maintain our modeless approach to screen editing, which was, we feel,
superior to the Vi approach.” from https://www.coulouris.net/cs_history/em_story/
This makes me want to know em’s history outside the usual precursor-to-vi narrative. Does anyone know much about the timeline of em from 1971 (QMC Unix installation) to 1976 (Intro to W M Joy @ UCB)? And does anyone know of developments to it after 1976-04-29? That’s the last date within text in the https://www.coulouris.net/cs_history/em_story/emsource/ files. (Also grumble grumble broken touch feature detection in that shar, which indicates last mod of 1996-02-18).
Anyone other than Coulouris used em in the last 45 years?
> Message: 4
> Date: Wed, 10 Aug 2022 12:29:24 +0200
> From: Holger Veit <hveit01(a)web.de>
> Subject: [TUHS] PCS Munix kernel source
> Hi all,
> I have uploaded the kernel source of 32 bit PCS MUNIX 1.2 to
Thank you for sharing this work, most impressive!
> MUNIX was an AT&T SVR3.x implementation ...
Are you sure? Could it perhaps be SVR2? (I don’t see any STREAMS stuff that one would expect for R3).
> The interesting feature of this kernel is the integration of the
> Newcastle Connection network
One of my interests is Unix (packet) networking 1975-1985 and that includes Newcastle Connection. I’ve so far not dived deep into this, but your work may be the trigger for some further investigation.
My understanding so far (from reading the paper a few years ago) is that Newcastle Connection works at the level of libc, substituting system calls like open() and exec() with library routines that scan the path, and if it is a network path invokes user mode routines that use remote procedure calls to give the illusion of a networked kernel. I’ve briefly looked at the Git repo, but I do not see that structure in the code. Could you elaborate a bit more on how Newcastle Connection operates in this kernel? Happy to communicate off-list if it goes in too much detail.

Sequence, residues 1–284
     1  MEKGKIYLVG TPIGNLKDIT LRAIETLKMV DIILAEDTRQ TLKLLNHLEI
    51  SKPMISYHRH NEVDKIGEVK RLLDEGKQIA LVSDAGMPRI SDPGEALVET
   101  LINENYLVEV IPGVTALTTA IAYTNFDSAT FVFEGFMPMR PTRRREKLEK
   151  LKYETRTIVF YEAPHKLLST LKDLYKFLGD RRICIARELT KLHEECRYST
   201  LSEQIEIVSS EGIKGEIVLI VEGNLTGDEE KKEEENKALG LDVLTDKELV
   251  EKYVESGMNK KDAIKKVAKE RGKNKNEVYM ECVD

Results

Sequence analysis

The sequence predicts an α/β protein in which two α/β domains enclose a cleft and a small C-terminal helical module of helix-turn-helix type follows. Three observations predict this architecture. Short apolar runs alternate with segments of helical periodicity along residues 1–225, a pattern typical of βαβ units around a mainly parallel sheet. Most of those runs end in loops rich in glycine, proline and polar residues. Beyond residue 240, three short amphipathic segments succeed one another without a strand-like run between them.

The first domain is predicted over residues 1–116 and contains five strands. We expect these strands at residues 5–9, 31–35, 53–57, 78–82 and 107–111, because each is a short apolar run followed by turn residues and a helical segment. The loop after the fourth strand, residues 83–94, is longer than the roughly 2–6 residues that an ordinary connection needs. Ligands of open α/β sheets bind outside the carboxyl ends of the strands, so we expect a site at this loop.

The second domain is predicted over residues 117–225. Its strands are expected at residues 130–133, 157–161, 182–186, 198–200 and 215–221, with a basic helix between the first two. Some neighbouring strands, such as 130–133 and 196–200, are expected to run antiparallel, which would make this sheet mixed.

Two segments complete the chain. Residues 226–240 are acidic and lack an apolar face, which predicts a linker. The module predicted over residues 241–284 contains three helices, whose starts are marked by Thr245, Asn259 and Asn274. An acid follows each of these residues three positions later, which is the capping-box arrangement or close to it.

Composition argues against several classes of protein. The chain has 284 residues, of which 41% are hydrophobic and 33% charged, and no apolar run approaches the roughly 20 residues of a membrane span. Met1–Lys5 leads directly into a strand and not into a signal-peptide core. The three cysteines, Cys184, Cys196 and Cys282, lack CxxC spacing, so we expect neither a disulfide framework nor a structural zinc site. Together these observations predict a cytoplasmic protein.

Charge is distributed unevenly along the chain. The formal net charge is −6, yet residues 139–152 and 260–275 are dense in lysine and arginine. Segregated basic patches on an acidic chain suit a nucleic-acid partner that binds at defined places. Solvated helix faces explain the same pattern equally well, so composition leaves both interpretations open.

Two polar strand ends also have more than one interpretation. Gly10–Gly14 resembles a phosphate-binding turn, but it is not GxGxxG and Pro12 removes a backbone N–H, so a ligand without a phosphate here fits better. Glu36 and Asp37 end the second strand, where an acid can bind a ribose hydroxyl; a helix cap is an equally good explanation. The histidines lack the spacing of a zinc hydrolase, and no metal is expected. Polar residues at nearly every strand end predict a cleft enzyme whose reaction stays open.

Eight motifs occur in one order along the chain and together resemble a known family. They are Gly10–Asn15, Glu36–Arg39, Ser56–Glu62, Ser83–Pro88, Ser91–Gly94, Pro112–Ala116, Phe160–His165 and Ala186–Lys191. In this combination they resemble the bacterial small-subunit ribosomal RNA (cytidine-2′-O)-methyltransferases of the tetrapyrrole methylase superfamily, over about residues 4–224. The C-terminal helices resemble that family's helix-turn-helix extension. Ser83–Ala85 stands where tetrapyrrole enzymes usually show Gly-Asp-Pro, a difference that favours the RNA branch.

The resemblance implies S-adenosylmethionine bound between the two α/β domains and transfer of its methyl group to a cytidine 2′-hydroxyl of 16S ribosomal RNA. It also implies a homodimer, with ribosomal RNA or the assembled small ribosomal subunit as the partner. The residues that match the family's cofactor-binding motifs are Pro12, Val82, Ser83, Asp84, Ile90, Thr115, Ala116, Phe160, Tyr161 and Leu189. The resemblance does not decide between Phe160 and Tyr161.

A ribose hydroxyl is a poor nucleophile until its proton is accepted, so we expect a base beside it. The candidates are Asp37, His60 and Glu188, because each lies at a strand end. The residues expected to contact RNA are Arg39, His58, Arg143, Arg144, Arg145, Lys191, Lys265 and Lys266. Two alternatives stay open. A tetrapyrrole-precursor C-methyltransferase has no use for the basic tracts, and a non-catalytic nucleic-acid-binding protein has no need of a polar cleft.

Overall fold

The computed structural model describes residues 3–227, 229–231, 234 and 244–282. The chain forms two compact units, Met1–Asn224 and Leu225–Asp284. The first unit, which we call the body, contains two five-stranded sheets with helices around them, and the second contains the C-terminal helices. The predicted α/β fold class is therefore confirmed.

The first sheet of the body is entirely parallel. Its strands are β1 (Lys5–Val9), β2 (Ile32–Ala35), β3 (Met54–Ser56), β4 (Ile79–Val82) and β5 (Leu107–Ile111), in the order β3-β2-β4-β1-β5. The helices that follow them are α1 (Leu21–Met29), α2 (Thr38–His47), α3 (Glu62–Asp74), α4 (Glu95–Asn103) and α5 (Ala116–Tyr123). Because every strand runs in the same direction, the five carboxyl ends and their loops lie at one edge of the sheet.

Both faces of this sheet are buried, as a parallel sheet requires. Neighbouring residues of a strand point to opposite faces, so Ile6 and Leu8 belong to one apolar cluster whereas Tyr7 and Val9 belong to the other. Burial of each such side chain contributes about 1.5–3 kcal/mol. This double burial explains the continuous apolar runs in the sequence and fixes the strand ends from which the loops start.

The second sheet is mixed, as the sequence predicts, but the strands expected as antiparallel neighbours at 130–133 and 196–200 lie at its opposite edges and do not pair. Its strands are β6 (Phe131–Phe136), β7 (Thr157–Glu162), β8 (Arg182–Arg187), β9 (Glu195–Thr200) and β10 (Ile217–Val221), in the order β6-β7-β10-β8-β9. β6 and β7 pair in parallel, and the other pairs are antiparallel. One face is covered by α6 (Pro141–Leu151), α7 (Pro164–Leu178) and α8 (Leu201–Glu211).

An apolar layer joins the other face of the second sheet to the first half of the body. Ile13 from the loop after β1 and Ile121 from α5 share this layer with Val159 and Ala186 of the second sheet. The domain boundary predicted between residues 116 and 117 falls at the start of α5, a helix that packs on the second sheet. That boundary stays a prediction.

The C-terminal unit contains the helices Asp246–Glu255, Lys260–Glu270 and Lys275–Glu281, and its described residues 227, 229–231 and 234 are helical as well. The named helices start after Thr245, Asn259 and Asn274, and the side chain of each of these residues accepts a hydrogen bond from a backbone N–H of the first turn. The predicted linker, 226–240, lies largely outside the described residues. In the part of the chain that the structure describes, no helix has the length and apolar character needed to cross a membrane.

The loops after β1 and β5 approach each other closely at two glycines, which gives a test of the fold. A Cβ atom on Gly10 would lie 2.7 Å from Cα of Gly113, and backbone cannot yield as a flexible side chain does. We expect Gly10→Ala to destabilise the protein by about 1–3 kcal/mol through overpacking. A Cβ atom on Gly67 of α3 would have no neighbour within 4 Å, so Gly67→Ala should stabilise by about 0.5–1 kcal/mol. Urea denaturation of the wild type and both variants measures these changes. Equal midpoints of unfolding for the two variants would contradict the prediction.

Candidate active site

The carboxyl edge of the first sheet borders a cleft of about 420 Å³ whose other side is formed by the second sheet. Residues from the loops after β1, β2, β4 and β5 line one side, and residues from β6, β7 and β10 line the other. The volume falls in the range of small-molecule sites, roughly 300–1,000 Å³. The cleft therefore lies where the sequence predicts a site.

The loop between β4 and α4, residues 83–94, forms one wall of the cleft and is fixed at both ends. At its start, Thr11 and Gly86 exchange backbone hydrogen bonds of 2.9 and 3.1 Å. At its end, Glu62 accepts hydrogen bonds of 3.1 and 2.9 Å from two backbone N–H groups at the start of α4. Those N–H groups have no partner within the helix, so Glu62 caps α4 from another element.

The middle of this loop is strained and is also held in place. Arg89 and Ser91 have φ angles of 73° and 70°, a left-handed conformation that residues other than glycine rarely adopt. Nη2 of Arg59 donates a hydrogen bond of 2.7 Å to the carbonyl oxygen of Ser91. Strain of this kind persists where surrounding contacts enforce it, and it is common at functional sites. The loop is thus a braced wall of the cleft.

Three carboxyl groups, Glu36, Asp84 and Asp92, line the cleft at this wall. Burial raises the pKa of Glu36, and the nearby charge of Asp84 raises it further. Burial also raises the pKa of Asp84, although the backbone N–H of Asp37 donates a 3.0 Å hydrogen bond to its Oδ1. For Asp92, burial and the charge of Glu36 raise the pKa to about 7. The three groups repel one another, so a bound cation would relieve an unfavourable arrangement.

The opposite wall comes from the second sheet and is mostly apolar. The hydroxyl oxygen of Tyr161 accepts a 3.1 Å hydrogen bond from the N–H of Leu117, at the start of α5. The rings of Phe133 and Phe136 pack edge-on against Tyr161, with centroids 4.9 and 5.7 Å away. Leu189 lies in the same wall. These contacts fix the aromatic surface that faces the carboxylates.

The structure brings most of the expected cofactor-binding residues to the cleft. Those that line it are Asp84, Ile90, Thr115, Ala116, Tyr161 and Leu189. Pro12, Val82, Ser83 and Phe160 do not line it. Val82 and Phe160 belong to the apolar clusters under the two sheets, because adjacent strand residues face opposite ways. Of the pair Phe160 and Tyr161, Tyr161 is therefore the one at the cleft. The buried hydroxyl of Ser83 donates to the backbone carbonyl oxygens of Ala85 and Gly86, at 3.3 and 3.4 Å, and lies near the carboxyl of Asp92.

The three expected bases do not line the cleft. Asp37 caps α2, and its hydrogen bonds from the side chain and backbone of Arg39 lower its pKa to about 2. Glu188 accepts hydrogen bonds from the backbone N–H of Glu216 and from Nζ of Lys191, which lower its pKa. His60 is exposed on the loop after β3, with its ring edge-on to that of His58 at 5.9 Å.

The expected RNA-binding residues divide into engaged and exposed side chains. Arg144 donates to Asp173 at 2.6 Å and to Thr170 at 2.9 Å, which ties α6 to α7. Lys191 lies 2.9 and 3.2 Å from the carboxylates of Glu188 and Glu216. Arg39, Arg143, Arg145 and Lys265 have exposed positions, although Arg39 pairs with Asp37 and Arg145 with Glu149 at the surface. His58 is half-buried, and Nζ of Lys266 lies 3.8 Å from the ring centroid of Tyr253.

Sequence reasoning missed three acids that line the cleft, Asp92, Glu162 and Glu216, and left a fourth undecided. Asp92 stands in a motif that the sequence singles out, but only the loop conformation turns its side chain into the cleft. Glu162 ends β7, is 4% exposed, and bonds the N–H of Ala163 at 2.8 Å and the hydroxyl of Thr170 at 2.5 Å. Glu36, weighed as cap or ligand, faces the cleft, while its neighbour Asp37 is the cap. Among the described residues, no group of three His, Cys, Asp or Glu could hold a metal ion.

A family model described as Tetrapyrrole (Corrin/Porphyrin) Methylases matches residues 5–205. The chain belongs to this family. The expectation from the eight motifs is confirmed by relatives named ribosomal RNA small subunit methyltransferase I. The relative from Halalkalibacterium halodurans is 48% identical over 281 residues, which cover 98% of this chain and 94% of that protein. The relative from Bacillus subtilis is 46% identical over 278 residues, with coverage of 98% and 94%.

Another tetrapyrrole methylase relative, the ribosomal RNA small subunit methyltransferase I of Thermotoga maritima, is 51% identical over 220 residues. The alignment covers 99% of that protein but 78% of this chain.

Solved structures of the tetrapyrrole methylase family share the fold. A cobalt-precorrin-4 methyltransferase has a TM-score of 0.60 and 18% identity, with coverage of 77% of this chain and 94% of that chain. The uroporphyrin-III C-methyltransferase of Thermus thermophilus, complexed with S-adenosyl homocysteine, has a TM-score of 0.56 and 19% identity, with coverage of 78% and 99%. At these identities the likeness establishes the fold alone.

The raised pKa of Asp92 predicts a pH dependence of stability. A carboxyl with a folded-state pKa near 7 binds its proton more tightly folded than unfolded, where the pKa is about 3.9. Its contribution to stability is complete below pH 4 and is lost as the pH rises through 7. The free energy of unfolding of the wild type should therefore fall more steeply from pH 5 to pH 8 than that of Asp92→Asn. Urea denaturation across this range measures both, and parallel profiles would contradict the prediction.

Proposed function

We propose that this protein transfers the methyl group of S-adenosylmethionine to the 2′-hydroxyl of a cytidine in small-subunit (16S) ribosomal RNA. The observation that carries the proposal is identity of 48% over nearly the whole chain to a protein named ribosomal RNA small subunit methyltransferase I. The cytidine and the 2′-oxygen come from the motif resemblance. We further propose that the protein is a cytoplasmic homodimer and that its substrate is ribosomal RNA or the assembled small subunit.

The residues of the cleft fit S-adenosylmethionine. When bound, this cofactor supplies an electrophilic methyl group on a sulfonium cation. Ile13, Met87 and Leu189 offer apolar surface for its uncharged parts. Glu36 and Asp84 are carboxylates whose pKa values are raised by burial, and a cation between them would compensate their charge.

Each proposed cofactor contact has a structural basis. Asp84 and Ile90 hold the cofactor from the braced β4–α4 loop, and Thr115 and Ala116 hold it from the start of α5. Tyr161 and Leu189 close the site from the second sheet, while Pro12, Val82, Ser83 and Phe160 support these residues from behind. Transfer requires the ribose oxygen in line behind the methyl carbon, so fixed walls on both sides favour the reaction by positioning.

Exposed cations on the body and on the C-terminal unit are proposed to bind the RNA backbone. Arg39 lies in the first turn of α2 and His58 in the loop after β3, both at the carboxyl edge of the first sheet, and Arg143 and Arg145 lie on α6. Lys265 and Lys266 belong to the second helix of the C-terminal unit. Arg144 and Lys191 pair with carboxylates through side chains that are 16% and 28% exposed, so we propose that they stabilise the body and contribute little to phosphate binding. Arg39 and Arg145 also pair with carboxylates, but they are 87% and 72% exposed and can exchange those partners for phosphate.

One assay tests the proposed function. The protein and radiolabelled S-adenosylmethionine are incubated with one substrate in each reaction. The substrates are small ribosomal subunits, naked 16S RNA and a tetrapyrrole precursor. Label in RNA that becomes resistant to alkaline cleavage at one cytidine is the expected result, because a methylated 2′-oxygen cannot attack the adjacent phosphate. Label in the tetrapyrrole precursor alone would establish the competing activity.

I note that the repo Readme says that the kernel only does some basic IP networking as a carrier, but I also see some files in the tree that seem to implement a form of tcp (and that seem unrelated to the early Unix tcp/ip’s that I have seen so far). Or am I reading too much into these files?
Re-reading the Newcastle Connection paper also brought up some citations from Bell Labs work that seems to have been lost. There is a reference to “RIDE” which appears to be a system similar to Newcastle Connection. The RIDE paper is from 1979 and it mentions that RIDE is a Datakit re-implementation of earlier an earlier system that ran on Spider. Any recollections about these things among the TUHS readership?
The other citation is for J. C. Kaufeld and D. L. Russell, "Distributed UNIX System", in Workshop on Fundamental Issues in Distributed Computing, ACM SIGOPS and SIGPLAN (15-17 Dec. 1980). It seems contemporaneous with the Luderer/Marshall/Chu work on S/F-Unix. I could not find this paper so far. Here, too, any recollections about this distributed Unix among the TUHS readership?
> And I've received the documents! This is a pastebin with the rough contents of the documentation package.
> https://pastebin.com/jAqqBXA4 <https://pastebin.com/jAqqBXA4>
> Now for some analysis:
I’m interested in the journey of SysV IPC. So far I have established that these originated in CBUnix, with a lot of thinking on how to optimize these around the time that Unix 3.0/4.0/5.0 happened. They did not appear in Unix 3.0 / SysIII, and from the Unix 4.0 documentation I gather that it was not included there either.
This would make Unix 5.0 / SysV R1 the first release with what is now known as SysV IPC. The PDP11 version of R1 has the CBUnix version of shared memory, as the VAX version did not make sense in the limited address space of the PDP11.
From the pastebin summary, it would seem that IPC is not in this documentation either? That would be surprising, and reopens the possibility that IPC was part of Unix 4.0
> I've always believed that pic was so well designed
> because it took a day to get the print out (back then),
I'm afraid this belief is urban legend. Credit for pic is due 100% to
Kernighan, not to the contemporary pace of computing practice.
Even in the 1950s, we had one-hour turnaround at Bell Labs. And the
leap from batch processing had happened well before pic. Turnaround on
modest Unix source files and tests has changed little in the past